Britta Schmitz: We esteem the participants in the project “Who Knows Tomorrow” as great artists, whether they are of African descent or not. For us, their individual strength was a crucial reason not to tie them together in a group exhibition, but to present them in major solo projects. And indeed they are being perceived as individual artists; the exterior works in particular are so striking and attractive that thousands of tourists are taking their pictures in front of them. Of course works by every participant in this project would be highly welcome in the collection, quite apart from the “Africa” label, just as the National Gallery has purchased many works by other international artists, based on their artistic quality.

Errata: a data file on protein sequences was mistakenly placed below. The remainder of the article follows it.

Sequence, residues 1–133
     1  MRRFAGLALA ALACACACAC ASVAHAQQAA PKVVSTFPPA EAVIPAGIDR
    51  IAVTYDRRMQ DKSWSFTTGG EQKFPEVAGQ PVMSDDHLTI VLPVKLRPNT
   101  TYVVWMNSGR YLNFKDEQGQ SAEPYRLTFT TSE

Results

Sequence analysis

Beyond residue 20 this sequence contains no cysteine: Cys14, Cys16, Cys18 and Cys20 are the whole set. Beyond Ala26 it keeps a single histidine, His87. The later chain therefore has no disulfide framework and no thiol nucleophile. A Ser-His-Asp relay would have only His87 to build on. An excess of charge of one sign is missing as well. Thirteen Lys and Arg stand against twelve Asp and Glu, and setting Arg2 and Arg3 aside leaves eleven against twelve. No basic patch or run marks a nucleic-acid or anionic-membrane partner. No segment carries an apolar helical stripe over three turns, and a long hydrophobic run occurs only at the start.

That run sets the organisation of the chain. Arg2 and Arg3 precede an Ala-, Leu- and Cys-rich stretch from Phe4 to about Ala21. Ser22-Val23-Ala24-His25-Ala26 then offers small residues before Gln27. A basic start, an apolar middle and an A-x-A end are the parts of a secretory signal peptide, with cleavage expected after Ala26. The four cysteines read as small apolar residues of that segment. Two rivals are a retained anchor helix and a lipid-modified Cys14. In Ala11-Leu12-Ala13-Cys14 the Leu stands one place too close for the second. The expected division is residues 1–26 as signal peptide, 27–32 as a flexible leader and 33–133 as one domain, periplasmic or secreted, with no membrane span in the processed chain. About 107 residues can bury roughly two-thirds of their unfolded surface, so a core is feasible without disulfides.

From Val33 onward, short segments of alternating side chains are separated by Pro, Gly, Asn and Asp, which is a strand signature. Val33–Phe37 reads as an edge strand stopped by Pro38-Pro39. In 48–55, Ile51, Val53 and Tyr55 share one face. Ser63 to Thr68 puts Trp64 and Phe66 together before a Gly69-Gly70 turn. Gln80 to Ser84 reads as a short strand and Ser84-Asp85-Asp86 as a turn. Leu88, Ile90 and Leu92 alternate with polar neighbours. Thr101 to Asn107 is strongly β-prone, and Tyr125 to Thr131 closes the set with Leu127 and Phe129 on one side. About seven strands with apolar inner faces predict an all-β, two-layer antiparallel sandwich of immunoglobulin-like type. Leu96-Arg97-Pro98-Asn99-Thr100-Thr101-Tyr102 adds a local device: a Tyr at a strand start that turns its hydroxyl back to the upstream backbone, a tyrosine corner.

Pat Binder & Gerhard Haupt
Publishers of Universes in Universe - Worlds of Art. Based in Berlin, Germany.
A project of the Nationalgalerie - Staatliche Museen zu Berlin
4 June - 26 Sept. 2010
Nationalgalerie - Staatliche Museen zu Berlin
Princeton University, USA
Nationalgalerie - Staatliche Museen zu Berlin